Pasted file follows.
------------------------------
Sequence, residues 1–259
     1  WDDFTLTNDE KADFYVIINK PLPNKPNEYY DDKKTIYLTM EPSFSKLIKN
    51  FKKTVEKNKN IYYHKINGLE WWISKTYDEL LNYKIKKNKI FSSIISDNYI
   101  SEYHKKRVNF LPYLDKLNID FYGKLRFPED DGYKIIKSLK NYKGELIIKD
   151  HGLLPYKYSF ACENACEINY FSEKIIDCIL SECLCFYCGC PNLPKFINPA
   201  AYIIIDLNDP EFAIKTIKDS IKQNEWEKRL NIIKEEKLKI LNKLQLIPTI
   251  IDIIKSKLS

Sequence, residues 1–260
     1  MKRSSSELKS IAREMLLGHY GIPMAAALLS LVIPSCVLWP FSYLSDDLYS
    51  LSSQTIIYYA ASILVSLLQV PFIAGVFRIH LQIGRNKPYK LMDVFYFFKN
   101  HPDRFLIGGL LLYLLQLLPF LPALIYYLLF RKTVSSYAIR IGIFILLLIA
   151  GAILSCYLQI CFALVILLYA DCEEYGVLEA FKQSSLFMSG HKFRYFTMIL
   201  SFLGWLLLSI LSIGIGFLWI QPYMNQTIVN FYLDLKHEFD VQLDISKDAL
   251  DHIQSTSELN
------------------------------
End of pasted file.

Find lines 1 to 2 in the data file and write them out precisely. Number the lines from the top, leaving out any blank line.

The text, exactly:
Sequence, residues 1–259
     1  WDDFTLTNDE KADFYVIINK PLPNKPNEYY DDKKTIYLTM EPSFSKLIKN